two and to turn the prism of 180 degrees in order to have a reversed dispersion, as it was the case for prism-objective plates. S/N=10 is obtained in 1 hour for B = 22.5 or I = 20.5 on the continuum of the extracted spectra.
Application to a survey of QSOs and AGNs at I < 23
One of the scientific programmes of the MEGACAM consortium is to build a sample of quasars in order to test their evolution at high redshift and the geometry of the Universe through their 3D spatial distribution (see section 2.11 in the MEGACAM document for a detailed scientific justification). The idea is to select a sample of unresolved objects and use multicolour
UBVRI photometry to separate quasars from stars. This procedure is rather efficient except for red objects where confusion exists between red stars (generally faint and cold M stars) and distant quasars. This point is critical because the aim is to built a complete sample of quasars with no redshift cut-off and the efficiency of detecting quasars from UBVRI colors only is known to drop in the redshift range 2.5 - 3.3. Two solutions are proposed, one being to add 3 narrow band filters at wavelengths corresponding to special features in the spectra of M stars (essentially TiO absorption features at 7000-7500 Å ), the other one is to extract the low resolution spectra obtained with the grens. I have tested the feasability of such observation by analysing the separation between M stars and quasars spectra at various magnitudes and various redshifts. The simulations are similar to the previous ones, except that the spatial distribution was simply a regular grid in the CCD frame. The input template for the quasars is a synthetic spectrum generated from a power law continuum combined with the contribution of wide emission lines characteristics of active nuclei. The magnitude is in all cases computed in the I-band, even for B simulations.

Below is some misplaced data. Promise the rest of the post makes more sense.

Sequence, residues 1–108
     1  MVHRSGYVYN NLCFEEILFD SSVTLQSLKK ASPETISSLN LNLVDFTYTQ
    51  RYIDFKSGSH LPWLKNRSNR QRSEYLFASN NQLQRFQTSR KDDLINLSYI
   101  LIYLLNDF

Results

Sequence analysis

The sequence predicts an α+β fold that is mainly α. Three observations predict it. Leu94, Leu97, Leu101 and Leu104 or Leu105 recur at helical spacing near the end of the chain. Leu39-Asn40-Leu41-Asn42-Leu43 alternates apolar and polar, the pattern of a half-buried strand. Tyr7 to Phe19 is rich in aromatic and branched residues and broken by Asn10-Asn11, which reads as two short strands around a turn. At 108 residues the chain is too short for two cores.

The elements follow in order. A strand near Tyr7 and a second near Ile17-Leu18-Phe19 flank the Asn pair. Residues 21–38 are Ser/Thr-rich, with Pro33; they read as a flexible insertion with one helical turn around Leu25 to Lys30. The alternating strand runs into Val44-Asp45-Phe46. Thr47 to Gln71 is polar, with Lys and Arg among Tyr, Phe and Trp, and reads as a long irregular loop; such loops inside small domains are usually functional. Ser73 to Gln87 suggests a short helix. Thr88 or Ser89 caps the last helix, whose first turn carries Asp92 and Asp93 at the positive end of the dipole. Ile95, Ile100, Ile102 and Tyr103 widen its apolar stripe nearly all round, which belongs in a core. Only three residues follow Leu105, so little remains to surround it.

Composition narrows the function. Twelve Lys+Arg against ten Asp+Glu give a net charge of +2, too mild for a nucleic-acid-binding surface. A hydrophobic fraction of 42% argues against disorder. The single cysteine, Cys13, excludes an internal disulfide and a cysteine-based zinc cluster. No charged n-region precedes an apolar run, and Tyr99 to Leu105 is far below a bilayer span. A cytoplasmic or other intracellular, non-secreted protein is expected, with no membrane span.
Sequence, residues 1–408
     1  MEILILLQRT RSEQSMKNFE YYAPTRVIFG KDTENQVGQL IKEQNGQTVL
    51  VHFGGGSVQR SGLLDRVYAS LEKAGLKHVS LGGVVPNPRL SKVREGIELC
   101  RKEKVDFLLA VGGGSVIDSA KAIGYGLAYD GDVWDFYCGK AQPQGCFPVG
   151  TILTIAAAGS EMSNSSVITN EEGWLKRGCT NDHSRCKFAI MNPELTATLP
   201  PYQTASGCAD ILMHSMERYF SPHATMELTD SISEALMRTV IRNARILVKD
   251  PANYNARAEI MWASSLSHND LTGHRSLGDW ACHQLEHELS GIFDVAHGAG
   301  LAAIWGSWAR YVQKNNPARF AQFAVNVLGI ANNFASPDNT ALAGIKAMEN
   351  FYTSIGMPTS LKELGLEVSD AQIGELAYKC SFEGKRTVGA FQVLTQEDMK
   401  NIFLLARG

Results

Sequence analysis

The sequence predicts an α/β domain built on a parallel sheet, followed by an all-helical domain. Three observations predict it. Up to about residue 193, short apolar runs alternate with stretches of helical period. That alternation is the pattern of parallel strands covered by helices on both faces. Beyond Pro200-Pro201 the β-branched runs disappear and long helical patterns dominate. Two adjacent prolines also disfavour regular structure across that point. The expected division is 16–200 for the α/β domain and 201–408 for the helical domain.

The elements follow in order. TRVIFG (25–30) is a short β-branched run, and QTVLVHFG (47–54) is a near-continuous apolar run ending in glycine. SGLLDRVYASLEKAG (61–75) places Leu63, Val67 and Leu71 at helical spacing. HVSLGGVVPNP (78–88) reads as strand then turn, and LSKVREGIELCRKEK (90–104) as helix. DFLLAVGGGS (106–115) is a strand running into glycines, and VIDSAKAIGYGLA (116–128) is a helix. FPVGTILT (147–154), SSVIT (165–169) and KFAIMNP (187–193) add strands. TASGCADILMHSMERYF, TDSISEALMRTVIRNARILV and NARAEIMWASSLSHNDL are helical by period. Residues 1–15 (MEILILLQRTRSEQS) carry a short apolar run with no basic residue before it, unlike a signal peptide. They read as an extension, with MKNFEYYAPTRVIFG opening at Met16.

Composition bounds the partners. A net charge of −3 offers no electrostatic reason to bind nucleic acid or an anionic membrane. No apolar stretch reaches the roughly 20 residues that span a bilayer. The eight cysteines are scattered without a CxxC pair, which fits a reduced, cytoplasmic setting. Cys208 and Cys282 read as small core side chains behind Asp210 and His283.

The main result is that up to I = 23 it seems possible to separate the QSO and M star spectra with a S/N of about 4 on the continuum in 6 hours in I. In order to optimise this survey of quasars selected from their I magnitude, a possibility would be to integrate during 6 hours in I and 2 hours in B, as quasars are very blue objects in B-I, whatever the redshift. With a full coverage of the optical wavelength range and some overlap between the different ranges in grens observations, this would make this kind of programme quite feasible, at least up to I = 22.5 in a reasonable observing time (detection becomes more marginal and seeing dependent at fainter magnitudes). But if for example one drops the redshift range [4,5], the B exposure will be enough to search for the Ly line, with a slight extension of the spectral range. I-selected quasars being much brighter in the blue, this would allow to obtain a sample of quasars complete to I = 23 in 2 to 3 hours only. Other solutions would be to reduce the wavelength interval of each exposure to about 2000 Å and to increase a little the dispersion up to 20 Å/pixel or 30 Å/pixel. The gain is double as the sky background is reduced and the detectivity increased, and emission lines are more easily identified when the dispersion is lowered. The final compromise between these parameters for a given astrophysical programme remains to be explored in detail, once one is convinced of the interest in observing with a grens and MEGACAM.